Researchers from the National University of Science and Technology (NUST) Center of Composite Materials have developed soft magnetic circuits that provide a non-contact method of measuring the internal stresses of composite materials used in aerospace and aircraft engineering.

The team’s findings, published in the Journal of Alloys and Compounds, describes amorphous soft magnetic circuits measuring 10-60 microns in diameter, which are wired into the layers of carbon fibre in materials during the manufacturing stage to form a grid of stress-sensitive points.

“It is now possible to more effectively assess the degree of internal damages during the operation of aircraft parts, oil pipelines, ship hulls, and other industrial and transport facilities,” said NUST scientist Alevtina Chernikova.

Materials under stress respond differently to external magnetic fields, enabling the soft circuits to detect stresses across the entirety of the material. The circuits are connected to a sensor, known as the sticker, which is embedded into the material during the manufacturing stage and can send information to scientists. The system only uses a single sticker, making the process a much simpler and faster one than previous systems.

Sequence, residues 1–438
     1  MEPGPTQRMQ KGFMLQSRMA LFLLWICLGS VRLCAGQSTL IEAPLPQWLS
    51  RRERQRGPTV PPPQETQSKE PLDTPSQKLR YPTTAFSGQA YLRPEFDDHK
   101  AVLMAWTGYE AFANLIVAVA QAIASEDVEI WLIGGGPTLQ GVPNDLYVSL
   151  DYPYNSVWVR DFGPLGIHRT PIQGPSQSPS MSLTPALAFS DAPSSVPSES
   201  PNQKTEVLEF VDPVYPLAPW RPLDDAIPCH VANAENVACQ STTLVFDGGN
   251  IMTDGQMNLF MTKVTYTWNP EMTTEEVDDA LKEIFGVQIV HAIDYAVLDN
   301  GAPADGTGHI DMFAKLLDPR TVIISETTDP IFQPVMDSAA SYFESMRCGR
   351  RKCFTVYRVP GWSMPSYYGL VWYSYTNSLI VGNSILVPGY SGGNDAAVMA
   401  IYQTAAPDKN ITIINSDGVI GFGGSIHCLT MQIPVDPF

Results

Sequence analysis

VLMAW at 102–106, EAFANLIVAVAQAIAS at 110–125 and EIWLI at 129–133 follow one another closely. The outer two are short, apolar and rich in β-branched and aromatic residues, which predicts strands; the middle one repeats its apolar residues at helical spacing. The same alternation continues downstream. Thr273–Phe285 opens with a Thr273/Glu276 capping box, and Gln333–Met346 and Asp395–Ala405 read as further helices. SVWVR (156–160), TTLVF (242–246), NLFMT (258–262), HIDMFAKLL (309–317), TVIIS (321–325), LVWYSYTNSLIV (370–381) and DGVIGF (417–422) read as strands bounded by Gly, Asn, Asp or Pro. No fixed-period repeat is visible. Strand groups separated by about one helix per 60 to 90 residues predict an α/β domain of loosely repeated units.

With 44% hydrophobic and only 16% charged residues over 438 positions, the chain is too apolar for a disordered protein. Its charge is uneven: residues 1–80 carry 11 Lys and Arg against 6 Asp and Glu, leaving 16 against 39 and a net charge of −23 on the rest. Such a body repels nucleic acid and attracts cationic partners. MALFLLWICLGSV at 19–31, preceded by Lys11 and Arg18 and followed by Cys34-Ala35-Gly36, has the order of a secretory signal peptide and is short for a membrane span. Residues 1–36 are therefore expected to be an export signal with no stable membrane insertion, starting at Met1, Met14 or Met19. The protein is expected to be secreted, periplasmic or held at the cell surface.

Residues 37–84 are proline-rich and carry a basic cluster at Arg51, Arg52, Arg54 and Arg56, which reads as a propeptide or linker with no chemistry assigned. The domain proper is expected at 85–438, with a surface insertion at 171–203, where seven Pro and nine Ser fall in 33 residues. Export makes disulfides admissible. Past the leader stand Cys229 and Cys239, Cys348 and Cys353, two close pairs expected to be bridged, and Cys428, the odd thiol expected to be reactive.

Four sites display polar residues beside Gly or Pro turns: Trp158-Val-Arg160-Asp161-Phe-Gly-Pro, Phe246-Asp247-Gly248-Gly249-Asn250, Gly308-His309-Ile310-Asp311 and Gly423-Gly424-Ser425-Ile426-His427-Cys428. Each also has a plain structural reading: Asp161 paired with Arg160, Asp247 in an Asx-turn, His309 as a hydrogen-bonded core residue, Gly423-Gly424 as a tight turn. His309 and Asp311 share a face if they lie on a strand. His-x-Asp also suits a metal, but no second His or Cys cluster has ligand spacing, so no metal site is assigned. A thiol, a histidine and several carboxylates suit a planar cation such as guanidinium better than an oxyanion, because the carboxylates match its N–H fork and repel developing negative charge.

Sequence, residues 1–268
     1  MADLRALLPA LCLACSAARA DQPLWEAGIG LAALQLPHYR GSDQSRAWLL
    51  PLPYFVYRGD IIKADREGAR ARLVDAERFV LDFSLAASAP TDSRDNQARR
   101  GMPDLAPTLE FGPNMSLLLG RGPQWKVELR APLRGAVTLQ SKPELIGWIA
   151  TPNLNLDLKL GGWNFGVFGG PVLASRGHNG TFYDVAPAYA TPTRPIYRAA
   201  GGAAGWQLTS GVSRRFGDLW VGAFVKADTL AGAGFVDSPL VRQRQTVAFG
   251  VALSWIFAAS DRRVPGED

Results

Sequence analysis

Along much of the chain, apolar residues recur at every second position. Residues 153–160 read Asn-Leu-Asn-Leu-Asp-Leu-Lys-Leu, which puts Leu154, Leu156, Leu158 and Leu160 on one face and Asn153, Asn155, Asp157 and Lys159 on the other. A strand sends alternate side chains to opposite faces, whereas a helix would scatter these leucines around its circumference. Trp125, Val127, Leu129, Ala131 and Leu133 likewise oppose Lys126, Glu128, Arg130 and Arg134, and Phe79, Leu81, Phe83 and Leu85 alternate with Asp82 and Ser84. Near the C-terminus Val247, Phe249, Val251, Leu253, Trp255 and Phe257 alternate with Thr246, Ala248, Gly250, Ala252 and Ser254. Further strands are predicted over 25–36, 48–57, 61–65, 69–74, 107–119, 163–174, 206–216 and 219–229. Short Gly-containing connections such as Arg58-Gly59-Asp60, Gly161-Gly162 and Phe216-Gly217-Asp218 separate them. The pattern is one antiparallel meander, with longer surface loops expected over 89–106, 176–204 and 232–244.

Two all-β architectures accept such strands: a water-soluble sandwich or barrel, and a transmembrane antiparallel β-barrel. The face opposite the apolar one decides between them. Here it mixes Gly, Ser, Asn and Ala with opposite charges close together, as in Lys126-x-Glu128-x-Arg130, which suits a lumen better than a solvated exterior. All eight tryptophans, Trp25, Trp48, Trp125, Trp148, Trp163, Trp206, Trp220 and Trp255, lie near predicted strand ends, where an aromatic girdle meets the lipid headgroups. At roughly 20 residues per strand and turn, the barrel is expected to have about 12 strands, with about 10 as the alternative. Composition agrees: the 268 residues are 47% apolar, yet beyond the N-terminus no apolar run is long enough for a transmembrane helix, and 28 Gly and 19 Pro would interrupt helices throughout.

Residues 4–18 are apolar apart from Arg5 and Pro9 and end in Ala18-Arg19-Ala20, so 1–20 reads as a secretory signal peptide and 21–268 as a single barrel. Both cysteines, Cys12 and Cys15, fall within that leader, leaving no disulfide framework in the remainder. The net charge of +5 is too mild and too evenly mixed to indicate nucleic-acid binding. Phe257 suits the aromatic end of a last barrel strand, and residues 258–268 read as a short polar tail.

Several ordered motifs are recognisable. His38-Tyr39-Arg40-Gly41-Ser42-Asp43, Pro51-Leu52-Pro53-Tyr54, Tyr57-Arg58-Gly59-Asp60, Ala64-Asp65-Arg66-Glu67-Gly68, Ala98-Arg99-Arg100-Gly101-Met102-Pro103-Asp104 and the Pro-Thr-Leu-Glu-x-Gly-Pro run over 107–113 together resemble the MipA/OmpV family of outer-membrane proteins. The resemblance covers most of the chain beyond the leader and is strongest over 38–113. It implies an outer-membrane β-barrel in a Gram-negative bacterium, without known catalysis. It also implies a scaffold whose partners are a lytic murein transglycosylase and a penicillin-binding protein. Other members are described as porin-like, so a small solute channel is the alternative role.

Internal stresses in composite materials, which can arise and accumulate following manufacturing due to operating loads and the external environment, have historically been difficult to measure. Traditional non-contact methods, such as the use of ultrasonic waves, enables researchers to detect defects which have already occurred, but does not provide information on the distribution of stresses through the structure.

“We have made the first step of a long journey,” said Center of Composite Materials senior research associate Andrey Stepashkin. “But we already see a practical application of our development.

“In addition, it has more features: the micro-wire mesh introduced into the material can provide an additional drain of the static charge that occurs in fiberglass structures,” he added. “Our wires are quite capable of replacing metal grids which are now inserted into these materials.”

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